Money Meltdowns Can Expose Hidden Relationship Issues




There is probably not a topic in the world that holds as much energy for people as money. Belief systems run in every conceivable direction based on what we have been taught by our parents, what we experienced as a child as a result of having it or not and what we have bought into based on how our country, culture, and the world acknowledges the almighty dollar.

Belief systems around money are often the culprit for our uneasiness. We love having money, but we also say in the next breath that money is the root of all evil. We’re excited when we strike a big business deal, and then we say that money makes for strange bedfellows. One only needs to look at the floor of the stock exchange to get an idea of how stirring the reality is of winning and losing. Bring those highs and lows into a relationship and what plays out is not often pretty.

Money problems: Getting out before going under?

The current financial challenges that we face in this country are clearly impacting the institution of marriage and relationships in more ways than one. For some, the loss of financial security has exposed otherwise dormant gaping holes in their relationships that carry some over into the divorce column, while others stay together because they can’t afford to get divorced. It is a mixed bag all the way around, and it’s causing many to consider getting out before going under.

From my seat, I view what is currently playing out as a crisis of consciousness rather than one of finance. Why? Because I see it as how you relate to the issue is the issue. Don’t get me wrong; you have real financial responsibilities that need to be addressed. The question is are you reacting to it from a place of panic and watching your relationship crumble, or are you responding to it from a place of partnership and seeing your relationship thrive?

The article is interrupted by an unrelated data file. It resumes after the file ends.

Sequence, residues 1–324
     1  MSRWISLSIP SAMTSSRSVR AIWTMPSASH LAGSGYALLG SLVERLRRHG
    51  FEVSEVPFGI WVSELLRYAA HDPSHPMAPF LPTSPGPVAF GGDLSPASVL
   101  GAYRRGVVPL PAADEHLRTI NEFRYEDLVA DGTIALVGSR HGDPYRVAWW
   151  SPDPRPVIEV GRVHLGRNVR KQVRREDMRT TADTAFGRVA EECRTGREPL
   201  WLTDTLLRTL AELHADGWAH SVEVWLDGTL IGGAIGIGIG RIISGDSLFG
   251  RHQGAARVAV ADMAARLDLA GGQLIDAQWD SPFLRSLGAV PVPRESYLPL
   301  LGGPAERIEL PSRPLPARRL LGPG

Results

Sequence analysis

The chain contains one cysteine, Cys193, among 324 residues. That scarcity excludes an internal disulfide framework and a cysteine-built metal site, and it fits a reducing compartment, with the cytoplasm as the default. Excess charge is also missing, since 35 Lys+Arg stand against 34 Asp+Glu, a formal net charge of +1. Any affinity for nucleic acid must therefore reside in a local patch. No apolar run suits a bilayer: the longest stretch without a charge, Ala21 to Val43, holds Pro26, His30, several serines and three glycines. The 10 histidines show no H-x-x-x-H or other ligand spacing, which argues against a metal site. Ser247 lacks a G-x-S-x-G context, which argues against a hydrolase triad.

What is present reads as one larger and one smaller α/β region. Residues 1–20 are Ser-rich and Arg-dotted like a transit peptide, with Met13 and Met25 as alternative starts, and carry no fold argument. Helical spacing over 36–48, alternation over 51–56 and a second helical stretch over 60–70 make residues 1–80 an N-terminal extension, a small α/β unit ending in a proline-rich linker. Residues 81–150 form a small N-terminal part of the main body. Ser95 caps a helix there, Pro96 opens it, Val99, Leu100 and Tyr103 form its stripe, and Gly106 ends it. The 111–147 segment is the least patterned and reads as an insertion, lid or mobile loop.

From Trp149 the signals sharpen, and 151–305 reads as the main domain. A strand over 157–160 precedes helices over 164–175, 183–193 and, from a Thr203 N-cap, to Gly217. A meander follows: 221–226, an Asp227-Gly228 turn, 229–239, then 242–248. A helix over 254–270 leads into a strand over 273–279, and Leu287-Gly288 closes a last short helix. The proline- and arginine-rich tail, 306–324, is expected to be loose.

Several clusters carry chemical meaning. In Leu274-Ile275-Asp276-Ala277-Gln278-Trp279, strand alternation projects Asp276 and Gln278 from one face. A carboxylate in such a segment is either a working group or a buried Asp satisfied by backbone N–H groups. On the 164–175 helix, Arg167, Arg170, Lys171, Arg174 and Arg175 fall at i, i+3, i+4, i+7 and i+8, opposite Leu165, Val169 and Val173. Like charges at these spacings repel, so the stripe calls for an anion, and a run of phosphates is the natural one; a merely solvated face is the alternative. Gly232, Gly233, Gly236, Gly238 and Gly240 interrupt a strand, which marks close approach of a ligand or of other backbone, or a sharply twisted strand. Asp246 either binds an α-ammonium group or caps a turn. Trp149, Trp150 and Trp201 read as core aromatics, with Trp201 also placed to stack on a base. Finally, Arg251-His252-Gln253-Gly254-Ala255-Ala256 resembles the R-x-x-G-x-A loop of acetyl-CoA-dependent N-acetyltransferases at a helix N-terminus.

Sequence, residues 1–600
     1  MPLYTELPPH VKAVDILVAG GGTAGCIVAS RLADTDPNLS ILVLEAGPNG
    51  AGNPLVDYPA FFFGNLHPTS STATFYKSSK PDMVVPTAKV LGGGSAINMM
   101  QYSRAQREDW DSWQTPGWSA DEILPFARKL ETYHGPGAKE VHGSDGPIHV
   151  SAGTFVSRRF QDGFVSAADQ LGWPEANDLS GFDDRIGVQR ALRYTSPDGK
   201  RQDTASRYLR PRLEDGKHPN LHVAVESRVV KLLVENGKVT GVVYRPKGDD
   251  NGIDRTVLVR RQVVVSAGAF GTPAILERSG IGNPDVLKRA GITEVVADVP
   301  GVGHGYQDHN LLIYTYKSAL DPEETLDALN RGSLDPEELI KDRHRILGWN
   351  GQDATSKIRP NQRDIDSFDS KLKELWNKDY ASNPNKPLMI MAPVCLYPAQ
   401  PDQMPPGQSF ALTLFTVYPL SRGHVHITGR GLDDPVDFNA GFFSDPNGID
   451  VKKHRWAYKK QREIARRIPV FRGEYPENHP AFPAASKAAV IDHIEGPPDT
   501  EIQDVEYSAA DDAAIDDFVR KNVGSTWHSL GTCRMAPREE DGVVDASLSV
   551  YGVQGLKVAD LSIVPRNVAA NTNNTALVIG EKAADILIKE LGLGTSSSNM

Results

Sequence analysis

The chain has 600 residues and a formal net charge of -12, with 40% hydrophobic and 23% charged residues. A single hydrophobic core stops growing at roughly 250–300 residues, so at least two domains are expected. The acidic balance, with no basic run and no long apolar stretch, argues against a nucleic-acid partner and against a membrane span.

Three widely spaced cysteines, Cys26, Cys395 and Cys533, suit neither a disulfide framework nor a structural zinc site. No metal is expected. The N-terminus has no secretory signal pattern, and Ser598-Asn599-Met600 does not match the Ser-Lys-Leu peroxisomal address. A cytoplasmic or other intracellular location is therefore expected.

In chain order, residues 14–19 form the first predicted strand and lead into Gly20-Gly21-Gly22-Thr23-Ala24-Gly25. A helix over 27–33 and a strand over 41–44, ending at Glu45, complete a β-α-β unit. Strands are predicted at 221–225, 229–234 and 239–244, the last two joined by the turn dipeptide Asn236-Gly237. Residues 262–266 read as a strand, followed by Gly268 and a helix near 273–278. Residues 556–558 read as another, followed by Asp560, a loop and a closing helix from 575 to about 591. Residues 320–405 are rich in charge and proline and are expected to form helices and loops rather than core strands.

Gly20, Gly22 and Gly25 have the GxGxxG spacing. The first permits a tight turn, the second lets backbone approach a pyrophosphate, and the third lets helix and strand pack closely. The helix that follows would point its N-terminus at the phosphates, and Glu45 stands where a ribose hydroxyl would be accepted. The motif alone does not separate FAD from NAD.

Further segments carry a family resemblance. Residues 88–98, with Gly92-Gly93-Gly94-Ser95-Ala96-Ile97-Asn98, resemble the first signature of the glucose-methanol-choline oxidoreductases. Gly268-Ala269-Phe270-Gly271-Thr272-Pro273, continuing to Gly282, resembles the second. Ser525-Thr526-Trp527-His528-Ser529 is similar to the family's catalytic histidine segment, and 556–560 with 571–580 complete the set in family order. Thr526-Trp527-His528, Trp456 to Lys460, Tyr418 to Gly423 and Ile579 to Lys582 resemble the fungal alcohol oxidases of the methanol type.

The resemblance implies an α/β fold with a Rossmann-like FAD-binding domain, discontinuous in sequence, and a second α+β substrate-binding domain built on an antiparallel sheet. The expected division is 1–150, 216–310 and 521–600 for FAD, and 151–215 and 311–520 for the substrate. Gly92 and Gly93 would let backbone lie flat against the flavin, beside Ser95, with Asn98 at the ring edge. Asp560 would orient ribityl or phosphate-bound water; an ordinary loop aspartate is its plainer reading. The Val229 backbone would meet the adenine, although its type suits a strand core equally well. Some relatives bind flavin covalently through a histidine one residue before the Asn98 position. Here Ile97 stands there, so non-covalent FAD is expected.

If you want to keep your relationship intact, there are some things you need to do to give yourself a fighting chance. Letting things play out may work in certain scenarios. Money requires a delicate balance of being and doing, of knowing what you are feeling inside before taking action in the outside world. Here’s my two cents, no pun intended.

Understand that your partner did not turn on you or turn into someone you don’t recognize once his or her 401(k) turned out to be anything but OK. Many couples share the same values around money, yet their belief systems about money in a crisis scenario can be significantly different. Yes, you both want the same things, but how you believe that you achieve them can convince some that they married a complete stranger. Don’t flip out.

Money issues: Time to begin a dialogue

Start talking about what money means to each of you and the messages you, directly and indirectly, received about money as a child. Just having a basic understanding of the lens each of you has been looking through is enough to calm the urge to call your attorney.

Equally important is the understanding that the fight about money is, more often than not, not about money. Because our money stuff is so highly charged, it creates the perfect camouflage to issues that have been troubling the relationship for quite some time. As I indicated earlier, money is often the issue that takes people over the top. It is the ideal candidate for finger-pointing and blame because we are filled from day one with stories about the right and wrong ways to make money.

Make a conscious decision to move into partnership, which will entail compromise, embracing a different choice and agreeing to disagree. Couples who sit at the table and crunch the numbers together have a far greater chance of working through the specifics and deciding together what the path forward needs to look like.

Don’t buy into the energy of what you may be hearing other couples are going through. Stay present in your relationship. Nobody really knows what goes on behind other people’s doors.

Spending time thinking about it is simply a way to distract yourself from your own scenario.

And one last thought: Make the time to laugh and have fun. That doesn’t cost you anything but the willingness to make that choice.